Full Text Available Cork oak woodlands (montado are agroforestry systems distributed all over the Mediterranean basin with a very important social, economic and ecological value. A generalized cork oak decline has been occurring in the last decades jeopardizing its future sustainability. It is unknown how loss of tree cover affects microbial processes that are consuming greenhouse gas fluxes in the montado ecosystem. The study was conducted under two different conditions in the natural understory of a cork oak woodland in center Portugal: under tree canopy (UC and open areas without trees (OA. Fluxes of methane and nitrous oxide were measured with a static chamber technique. In order to quantify methanotrophs and bacteria capable of nitrous oxide consumption, we used quantitative real-time PCR targeting the pmoA and nosZ gene encoding the subunit of particulate methane mono-oxygenase and catalytic subunit of the nitrous oxide reductase, respectively. A significant seasonal effect was found on CH4 and N2O fluxes and pmoA and nosZ gene abundance. Tree cover had no effect on methane fluxes; conversely, whereas the UC plots were net emitters of nitrous oxide, the loss of tree cover resulted in a shift in the emission pattern such that the OA plots were a net sink for nitrous oxide. In a seasonal time scale, the UC had higher gene abundance of Type I methanotrophs. Methane flux correlated negatively with abundance of Type I methanotrophs in the UC plots. Nitrous oxide flux correlated negatively with nosZ gene abundance at the OA plots in contrast to that at the UC plots. In the UC soil, SOM had a positive effect on soil extracellular enzyme activities (EEA, which correlated positively with the N2O flux. Our results demonstrated that tree cover affects soil properties, key enzyme activities and abundance of microorganisms and, consequently net CH4 and N2O exchange.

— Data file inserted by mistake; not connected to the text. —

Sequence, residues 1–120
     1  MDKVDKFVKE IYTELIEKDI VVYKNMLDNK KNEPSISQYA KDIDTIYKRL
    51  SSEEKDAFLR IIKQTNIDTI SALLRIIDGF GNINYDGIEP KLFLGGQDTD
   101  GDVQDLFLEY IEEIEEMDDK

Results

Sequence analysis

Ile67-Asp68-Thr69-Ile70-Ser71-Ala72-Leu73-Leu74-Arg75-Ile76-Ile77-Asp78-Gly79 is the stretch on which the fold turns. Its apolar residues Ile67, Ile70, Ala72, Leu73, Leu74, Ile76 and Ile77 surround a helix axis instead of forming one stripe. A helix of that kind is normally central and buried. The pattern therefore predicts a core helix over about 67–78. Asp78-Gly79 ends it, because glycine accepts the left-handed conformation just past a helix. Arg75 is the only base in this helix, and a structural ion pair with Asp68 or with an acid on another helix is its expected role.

14. The effect of diet manipulation on nitrous oxide and methane emissions from manure application to incubated grassland soils

    Science.gov (United States)

    Cardenas, L. M.; Chadwick, D.; Scholefield, D.; Fychan, R.; Marley, C. L.; Jones, R.; Bol, R.; Well, R.; Vallejo, A.